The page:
Boris Berezovsky has once again said that at the end of February he will make public evidence that the September 1999 bombings of apartment buildings in Moscow, which killed hundreds of people, were carried out by Russia’s special services, not, as the Russian authorities have claimed, by Chechen terrorists. The opposition oligarch’s latest comments, made in separate interviews published yesterday in France’s Le Figaro newspaper and Switzerland’s Facts magazine, are his most radical yet since late last year, when he first threatened to reveal evidence of the alleged role of the Federal Security Service (FSB) in those incidents. Berezovsky concurred with Le Figaro’s characterization that his fight with President Vladimir Putin is “to the death.” He even repeated his old allegation that the FSB leadership ordered his murder in 1997, hinting that there could be an attempt on his life now and saying he had taken “precautionary measures to keep safe the information I want to make public.” And while the tycoon repeated his comment from earlier interviews that he has no proof that Putin–who in September 1999 was prime minister and had earlier been FSB director–was personally involved in the apartment building bombings, Berezovsky, for the first time, strongly implied that this was the case. He dismissed out of hand the idea that Nikolai Patrushev, who was FSB director at the time of the bombings (and remains so), then Interior Minister Vladimir Rushailo or then President Boris Yeltsin could have ordered such terrorist attacks. Such a decision, Berezovsky said, could have been taken only by someone with sufficient “will,” adding that the recent decision to end the broadcasts of TV-6 (which Berezovsky majority owns) showed that Putin possesses “a strong will.” Asked if he had any other suspects in mind for the 1999 blasts, Berezovsky answered simply: “No” (Le Figaro, February 21 [from the Russian translation by Inosmi.ru]). In an interview with the New York Times earlier this month, Berezovsky said he had no proof that Putin was personally involved in the bombings but said he had “facts” showing that Patrushev, who is a long-time Putin associate, and other FSB officials were involved in the apartment building bombings (see the Monitor, February 7).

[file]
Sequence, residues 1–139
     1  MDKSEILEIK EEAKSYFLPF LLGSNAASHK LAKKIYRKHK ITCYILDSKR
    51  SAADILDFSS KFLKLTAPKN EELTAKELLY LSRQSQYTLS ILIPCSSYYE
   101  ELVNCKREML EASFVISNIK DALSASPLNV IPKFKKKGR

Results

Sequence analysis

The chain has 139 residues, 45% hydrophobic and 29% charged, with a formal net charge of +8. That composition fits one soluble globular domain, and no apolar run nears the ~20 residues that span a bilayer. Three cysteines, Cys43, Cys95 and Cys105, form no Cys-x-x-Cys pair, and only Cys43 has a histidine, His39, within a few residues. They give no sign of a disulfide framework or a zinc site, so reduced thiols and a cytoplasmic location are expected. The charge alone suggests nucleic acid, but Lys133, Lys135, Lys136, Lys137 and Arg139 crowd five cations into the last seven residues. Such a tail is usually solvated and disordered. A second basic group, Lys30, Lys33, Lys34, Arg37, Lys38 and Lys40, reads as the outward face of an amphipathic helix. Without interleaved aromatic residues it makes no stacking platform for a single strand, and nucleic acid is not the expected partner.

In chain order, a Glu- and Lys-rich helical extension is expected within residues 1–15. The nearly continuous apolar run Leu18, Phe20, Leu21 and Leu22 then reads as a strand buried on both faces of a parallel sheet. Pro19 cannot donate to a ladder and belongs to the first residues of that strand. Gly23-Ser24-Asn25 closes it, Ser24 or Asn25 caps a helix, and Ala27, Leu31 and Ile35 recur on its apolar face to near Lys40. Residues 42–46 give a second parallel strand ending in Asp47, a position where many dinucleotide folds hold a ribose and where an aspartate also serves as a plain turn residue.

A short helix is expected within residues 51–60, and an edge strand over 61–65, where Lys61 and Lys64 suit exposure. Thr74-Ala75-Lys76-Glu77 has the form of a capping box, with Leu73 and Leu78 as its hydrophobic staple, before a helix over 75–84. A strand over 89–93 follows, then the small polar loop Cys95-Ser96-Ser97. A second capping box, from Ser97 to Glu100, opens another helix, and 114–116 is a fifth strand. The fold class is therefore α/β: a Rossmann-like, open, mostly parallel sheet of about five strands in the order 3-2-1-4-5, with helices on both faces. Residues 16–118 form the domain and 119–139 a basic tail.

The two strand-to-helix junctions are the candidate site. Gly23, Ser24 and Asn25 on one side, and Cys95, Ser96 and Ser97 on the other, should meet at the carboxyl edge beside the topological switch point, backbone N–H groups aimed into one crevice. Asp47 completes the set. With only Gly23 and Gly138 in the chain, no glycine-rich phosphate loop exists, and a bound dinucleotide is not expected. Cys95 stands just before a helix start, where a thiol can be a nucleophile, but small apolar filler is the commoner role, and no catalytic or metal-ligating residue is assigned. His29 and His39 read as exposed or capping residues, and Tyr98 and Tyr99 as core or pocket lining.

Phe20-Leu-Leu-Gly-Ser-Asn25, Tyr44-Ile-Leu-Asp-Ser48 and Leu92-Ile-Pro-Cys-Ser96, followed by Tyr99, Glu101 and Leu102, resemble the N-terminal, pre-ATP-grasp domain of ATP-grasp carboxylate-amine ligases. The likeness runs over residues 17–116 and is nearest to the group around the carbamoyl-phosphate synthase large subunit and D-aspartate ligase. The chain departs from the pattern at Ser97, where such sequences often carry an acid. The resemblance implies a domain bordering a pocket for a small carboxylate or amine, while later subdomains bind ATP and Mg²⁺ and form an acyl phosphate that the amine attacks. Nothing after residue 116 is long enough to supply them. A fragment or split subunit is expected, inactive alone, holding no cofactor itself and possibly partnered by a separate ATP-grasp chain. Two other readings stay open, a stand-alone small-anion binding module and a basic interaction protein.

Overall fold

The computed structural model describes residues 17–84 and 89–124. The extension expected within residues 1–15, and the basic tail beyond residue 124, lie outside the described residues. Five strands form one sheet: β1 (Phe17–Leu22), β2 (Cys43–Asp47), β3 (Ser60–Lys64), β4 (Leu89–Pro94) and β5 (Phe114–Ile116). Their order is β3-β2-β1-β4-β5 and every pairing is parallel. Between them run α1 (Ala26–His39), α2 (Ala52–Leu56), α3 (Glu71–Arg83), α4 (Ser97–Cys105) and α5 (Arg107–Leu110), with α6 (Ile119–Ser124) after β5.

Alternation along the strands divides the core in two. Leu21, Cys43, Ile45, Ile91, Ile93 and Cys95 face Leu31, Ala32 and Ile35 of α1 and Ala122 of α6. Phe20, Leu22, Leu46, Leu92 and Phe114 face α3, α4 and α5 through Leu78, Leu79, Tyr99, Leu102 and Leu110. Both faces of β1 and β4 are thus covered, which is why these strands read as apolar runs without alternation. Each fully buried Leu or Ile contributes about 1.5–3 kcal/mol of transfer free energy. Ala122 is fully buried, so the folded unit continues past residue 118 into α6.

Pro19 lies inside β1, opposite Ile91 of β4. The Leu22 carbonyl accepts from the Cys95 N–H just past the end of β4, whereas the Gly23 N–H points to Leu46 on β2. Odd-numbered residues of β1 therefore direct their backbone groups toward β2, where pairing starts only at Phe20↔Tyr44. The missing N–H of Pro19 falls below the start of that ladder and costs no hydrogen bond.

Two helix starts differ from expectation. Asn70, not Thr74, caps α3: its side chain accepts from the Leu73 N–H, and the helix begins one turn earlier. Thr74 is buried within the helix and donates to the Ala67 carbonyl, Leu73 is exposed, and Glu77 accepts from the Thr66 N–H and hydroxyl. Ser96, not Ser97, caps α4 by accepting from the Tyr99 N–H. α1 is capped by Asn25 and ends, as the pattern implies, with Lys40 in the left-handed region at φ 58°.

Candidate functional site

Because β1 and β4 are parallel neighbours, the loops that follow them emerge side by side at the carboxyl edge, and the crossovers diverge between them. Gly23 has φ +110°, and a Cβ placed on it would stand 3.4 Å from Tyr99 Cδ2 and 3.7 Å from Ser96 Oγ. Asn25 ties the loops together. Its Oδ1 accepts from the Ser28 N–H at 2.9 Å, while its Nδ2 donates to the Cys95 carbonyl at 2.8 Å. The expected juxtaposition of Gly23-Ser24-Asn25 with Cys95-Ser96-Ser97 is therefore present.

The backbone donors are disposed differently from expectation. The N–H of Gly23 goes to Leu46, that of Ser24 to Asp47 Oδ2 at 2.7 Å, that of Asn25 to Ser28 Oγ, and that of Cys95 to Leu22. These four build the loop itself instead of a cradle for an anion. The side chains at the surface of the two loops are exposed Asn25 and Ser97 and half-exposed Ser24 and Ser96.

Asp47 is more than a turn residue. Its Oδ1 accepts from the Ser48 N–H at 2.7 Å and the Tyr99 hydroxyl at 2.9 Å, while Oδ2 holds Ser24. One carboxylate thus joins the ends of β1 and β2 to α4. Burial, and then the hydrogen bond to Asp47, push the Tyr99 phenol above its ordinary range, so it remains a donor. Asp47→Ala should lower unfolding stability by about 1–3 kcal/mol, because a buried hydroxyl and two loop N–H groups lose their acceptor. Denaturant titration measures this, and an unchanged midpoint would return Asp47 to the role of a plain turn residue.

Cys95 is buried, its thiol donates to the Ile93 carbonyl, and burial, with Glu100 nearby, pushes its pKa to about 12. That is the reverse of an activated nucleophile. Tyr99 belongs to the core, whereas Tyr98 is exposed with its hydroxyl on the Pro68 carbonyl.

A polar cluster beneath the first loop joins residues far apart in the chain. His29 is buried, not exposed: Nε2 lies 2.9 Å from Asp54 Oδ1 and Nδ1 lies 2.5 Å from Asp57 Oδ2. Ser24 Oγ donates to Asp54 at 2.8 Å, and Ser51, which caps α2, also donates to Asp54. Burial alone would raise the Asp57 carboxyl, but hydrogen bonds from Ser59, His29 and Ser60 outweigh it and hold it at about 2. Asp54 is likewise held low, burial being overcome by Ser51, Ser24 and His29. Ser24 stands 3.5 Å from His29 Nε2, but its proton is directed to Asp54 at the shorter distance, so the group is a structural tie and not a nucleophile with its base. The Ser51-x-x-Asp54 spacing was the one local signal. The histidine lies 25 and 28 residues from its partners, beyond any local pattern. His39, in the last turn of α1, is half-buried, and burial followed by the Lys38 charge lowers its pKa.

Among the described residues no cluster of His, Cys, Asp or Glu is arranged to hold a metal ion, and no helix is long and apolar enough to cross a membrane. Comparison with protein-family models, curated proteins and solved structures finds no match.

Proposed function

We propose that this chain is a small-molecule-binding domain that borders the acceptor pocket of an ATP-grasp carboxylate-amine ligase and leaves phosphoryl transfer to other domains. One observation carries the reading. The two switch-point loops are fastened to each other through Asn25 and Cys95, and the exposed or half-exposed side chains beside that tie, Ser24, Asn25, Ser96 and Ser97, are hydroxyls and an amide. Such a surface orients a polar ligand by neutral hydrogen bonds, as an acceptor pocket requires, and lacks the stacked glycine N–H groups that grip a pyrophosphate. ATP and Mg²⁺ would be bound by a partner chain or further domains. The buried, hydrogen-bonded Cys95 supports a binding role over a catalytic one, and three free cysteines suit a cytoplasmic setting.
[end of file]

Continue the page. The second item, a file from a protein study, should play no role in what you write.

In his interview with Facts, the Swiss magazine, Berezovsky repeated the comment he made to the New York Times last month that his proof of an FSB role in the apartment building bombings “is at least as good as what the United States has against Osama bin Laden.” In addition, he specified for the first time the kind of evidence he claims to have, saying it includes both “documents and videotapes.” Asked what kind of reaction he expected his revelations to elicit, Berezovsky said that while he understood “the danger for Russia when the people find out… that bandits are among those who run the country,” he also feared the Russian people were “not ready for” and thus would “not accept” the truth. The tycoon said that if the international community accepts his proof as genuine, “the situation for the Russian government will become very unpleasant.” He added, however, that the West might not accept it, given that Russia has become “an important ally in the fight against terrorism” (Facts, February 21 [from the Russian translation by Inopressa.ru]).
The FSB, of course, has dismissed Berezovsky’s allegations out of hand. Last month Patrushev said that his agency has documentary evidence that the tycoon had financed Chechen rebel groups and would pass this information on to foreign governments, presumably to pave the way for the tycoon’s extradition. The Prosecutor General’s Office subsequently charged Berezovsky under a criminal statute that bans creating and leading “illegal armed formations.” Berezovsky admits having passed funds to Chechen rebel leaders in 1997, when he was serving as deputy secretary of the Security Council, but said this was part of official Russian government policy (see the Monitor, January 25, February 1).
KGB WELFARE–THE LEAST AMONG RUSSIAN DEMANDS ON ESTONIA.